I just got back yesterday from the University of Texas Graduate Philosophy Conference, which was a lot of fun. In fact, I think it was the most fun I’ve had at a conference other than FEW last year, which coincidentally was also in Austin – maybe it’s just a fun town! At any rate, it was a lot of very good papers, and I got a lot of good ideas from the discussion after each one as well. Even the papers about mind-body supervenience, and Aristotelian substance (which aren’t issues I’m normally terribly interested in) made important use of logical and mathematical arguments that kept me interested. And the fact that both keynote speakers and several Texas faculty were sitting in on most of the sessions helped foster a very collegial mood. I’d like to thank the organizers for putting on such a good show, and especially Tim Pickavance for making everything run so smoothly, and Aidan McGlynn for being a good commentator on my paper (and distracting Jason Stanley from responding to my criticism!)
Because the theme was “thoughts, words, objects”, most of the papers were about language and metaphysics, and perhaps about their relation. There seems to be a methodological stance expressed in some of the papers, with some degree of explicitness in the talks by Jason Stanley and Josh Dever, that I generally find quite congenial but others might find a bit out there. I’ll just state my version of what’s going on, because I’m sure there are disagreements about the right way to phrase this, and I certainly don’t pretend to be stating how anyone else thinks of what’s going on.
But basically, when Quine brought back metaphysics, it was basically with the understanding that it wouldn’t be this free-floating discipline that it had become with some of the excesses of 19th century philosophy and medieval theology – no counting angels on the heads of pins. Instead, we should work in conjunction with the sciences to establish our best theory of the world, accounting for our experiences and the like and giving good explanations of them. And at the end, if our theories are expressed in the right language (first-order logic), we can just read our ontological commitments off of this theory, and that’s the way we get our best theory of metaphysics. There is no uniquely metaphysical way of figuring out about things, apart from the general scientific and philosophical project of understanding the world.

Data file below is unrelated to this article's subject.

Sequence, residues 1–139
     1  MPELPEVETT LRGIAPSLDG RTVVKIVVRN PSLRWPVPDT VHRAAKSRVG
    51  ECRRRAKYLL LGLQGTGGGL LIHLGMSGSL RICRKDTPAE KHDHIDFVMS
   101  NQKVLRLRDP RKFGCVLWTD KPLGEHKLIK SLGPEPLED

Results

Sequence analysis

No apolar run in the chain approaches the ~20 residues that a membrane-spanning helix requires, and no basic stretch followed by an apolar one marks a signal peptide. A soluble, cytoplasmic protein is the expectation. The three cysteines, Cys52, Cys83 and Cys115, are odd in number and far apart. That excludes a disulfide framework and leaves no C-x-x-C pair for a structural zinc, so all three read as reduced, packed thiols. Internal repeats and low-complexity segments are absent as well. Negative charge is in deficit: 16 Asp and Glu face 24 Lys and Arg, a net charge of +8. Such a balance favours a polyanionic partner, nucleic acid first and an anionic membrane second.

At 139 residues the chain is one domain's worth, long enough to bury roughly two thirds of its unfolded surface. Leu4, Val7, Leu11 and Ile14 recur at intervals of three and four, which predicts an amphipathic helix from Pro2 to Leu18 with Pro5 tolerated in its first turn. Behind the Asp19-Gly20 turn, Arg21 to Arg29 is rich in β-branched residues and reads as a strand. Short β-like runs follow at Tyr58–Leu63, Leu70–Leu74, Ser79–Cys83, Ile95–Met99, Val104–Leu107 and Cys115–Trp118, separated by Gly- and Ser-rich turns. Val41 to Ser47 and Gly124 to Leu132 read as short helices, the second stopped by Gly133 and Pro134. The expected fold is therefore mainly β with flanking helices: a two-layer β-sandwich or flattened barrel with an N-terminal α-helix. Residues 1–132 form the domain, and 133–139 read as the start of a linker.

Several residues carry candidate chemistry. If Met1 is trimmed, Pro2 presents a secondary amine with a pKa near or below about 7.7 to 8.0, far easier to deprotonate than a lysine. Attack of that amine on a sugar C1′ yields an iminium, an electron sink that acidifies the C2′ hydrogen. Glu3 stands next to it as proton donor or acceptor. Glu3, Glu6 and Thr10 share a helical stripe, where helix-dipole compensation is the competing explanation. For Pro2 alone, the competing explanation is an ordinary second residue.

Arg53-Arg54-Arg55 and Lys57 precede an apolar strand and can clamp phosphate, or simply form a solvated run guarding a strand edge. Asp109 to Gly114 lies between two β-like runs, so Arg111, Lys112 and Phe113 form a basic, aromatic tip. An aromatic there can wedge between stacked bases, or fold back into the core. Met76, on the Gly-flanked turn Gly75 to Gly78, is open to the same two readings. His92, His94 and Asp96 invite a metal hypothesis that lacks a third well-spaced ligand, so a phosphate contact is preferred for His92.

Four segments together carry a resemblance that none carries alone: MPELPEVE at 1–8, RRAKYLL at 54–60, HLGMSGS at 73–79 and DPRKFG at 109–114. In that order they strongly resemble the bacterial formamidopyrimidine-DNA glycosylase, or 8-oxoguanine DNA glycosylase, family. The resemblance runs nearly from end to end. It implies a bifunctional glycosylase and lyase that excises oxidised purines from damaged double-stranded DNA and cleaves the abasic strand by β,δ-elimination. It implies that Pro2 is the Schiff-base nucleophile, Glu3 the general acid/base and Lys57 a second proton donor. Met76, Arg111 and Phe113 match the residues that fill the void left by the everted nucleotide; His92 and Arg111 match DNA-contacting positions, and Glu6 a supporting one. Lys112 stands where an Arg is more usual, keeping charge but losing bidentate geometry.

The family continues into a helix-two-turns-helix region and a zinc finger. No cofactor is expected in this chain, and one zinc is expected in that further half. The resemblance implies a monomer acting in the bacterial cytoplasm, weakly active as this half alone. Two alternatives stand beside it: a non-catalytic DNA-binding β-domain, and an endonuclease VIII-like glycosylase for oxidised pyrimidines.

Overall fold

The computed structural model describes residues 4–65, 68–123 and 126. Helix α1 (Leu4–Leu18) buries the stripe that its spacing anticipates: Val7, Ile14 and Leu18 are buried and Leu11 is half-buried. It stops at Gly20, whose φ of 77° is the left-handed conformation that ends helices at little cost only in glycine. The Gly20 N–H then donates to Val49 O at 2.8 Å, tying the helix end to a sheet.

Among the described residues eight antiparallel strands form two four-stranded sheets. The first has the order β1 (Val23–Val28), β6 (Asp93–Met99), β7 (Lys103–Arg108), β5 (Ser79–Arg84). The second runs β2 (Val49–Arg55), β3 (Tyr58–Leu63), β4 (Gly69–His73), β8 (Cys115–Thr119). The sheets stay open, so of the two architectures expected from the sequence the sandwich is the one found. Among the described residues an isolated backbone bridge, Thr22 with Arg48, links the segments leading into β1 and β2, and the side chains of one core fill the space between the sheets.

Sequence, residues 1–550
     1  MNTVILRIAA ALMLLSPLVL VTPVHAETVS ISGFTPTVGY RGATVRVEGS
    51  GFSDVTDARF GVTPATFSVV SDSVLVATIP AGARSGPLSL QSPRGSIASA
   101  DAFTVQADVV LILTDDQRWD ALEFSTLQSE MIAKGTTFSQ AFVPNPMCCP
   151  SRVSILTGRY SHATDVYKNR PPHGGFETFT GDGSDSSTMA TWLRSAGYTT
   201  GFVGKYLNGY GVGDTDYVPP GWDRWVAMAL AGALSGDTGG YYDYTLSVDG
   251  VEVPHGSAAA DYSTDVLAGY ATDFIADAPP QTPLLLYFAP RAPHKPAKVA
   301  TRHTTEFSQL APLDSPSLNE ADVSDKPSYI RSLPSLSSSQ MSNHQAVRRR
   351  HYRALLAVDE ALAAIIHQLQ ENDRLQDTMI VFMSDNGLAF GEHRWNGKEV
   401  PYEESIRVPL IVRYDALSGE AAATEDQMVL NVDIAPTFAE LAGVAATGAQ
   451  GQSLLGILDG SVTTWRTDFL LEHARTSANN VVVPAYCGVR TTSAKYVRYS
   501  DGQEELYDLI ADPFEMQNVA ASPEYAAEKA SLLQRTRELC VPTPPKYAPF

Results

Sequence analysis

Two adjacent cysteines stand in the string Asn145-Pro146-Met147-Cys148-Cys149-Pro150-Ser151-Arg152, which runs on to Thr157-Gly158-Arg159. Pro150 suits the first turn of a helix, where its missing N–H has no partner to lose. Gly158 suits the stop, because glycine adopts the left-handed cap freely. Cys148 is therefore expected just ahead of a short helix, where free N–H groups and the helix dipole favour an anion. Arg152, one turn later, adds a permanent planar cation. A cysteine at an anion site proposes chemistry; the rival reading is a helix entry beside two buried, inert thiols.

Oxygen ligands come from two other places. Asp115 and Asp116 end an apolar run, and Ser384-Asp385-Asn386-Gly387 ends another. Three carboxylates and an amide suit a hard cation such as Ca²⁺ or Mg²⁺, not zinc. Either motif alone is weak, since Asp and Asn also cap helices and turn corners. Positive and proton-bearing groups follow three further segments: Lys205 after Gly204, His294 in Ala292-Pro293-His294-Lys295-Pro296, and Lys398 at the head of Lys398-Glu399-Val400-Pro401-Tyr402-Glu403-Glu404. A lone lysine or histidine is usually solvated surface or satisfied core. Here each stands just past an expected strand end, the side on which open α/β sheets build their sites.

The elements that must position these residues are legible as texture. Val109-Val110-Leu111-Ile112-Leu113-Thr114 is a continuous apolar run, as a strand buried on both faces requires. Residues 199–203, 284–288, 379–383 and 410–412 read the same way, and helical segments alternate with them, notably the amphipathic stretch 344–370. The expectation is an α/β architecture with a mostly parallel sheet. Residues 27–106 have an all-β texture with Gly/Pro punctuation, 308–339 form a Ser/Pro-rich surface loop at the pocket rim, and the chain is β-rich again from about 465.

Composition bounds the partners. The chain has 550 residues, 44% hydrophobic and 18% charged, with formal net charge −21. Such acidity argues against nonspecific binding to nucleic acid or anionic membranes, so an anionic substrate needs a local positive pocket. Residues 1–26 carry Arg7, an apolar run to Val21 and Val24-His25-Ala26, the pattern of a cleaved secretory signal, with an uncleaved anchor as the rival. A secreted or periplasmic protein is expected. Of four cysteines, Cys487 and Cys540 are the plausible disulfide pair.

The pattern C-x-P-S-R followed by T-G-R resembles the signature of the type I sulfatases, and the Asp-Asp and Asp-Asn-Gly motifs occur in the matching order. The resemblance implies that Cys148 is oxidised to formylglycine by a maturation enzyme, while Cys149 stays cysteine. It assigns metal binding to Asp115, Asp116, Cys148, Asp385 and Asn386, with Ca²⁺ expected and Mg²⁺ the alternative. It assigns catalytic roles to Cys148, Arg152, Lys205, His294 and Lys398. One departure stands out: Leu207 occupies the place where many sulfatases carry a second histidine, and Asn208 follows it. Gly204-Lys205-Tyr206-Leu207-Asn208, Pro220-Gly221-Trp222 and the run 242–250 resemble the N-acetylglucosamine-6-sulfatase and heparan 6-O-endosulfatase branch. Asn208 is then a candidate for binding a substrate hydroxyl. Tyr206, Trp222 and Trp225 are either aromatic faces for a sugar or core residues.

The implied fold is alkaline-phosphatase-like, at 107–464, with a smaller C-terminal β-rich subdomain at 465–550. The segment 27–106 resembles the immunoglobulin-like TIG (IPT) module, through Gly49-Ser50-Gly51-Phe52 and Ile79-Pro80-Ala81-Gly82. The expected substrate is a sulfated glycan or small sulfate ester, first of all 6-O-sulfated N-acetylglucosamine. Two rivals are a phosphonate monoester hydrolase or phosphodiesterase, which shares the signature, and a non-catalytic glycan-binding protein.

More recently, it’s become clear that much of our work just won’t come already phrased in first-order logic, so the commitments might not be transparent on the surface. However, the growth of formal semantics since Montague (building on the bits that Frege and Tarski had already put together) led linguists and philosophers to develop much more sophisticated accounts that can give the apparent truth-conditions for sentences of more complicated languages than first-order logic, like say, ordinary English. Armed with these truth-conditions from the project of semantics, and the truth-values for these statements that we gather from the general scientific project, we can then figure out just what we’re committed to metaphysically being the case.
Of course, science is often done in much more regimented and formalized languages, so that less semantic work needs to be done to find its commitments, which is why Quine didn’t necessarily see the need to do formal semantics. Not to mention that no one else had really done anything like modern formal semantics for more than a very weak fragment of any natural language, so that the very idea of such a project might well have been foreign to what he was proposing in “On What There Is”.
In addition to the obvious worry that this seems to do so much metaphysical work with so little metaphysical effort, there are more Quinean worries one might have about this project. For one thing, it seems odd that formal semantics, alone among the sciences (or “sciences”, depending on how one sees things) gets a special role to play. On a properly Quinean view there should be no such clear seams. And I wonder if the two projects can really be separated in such a clear way – it seems very plausible to me that what one wants to say about semantics might well be related to what one wants to say about ordinary object language facts of the matter, especially in disciplines like psychology, mathematics, and epistemology.
In discussion this afternoon, John MacFarlane pointed out to me that this sort of project has clear antecedents in Davidson, when he talks about the logical structure of action sentences, and introduced the semantic tool of quantifying over events. This surprises me, because I always think of Davidson as doing semantics as backwards from how I want to do it, but maybe I’ve been reading him wrong.
At any rate, thinking about things this way definitely renews my interest in the problems around various forms of context-sensitivity. The excellent comments by Julie Hunter on Elia Zardini’s paper helped clarify what some of the issues around MacFarlane-style relativism really are. Jason Stanley had been trying to convince me of some problems that made it possibly not make sense, but she expressed them in a way that I could understand, though I still can’t adequately convey. It seems to be something about not being able to make proper sense of “truth” as a relation rather than a predicate, except within a formal system. Which is why it seems that MacFarlane has emphasized the role of norms of assertion and retraction rather than mere truth-conditions, and why he started talking about “accuracy” rather than “truth” in the session in Portland.
Anyway, lots of interesting stuff! Back to regularly-scheduled content about mathematics and probability shortly…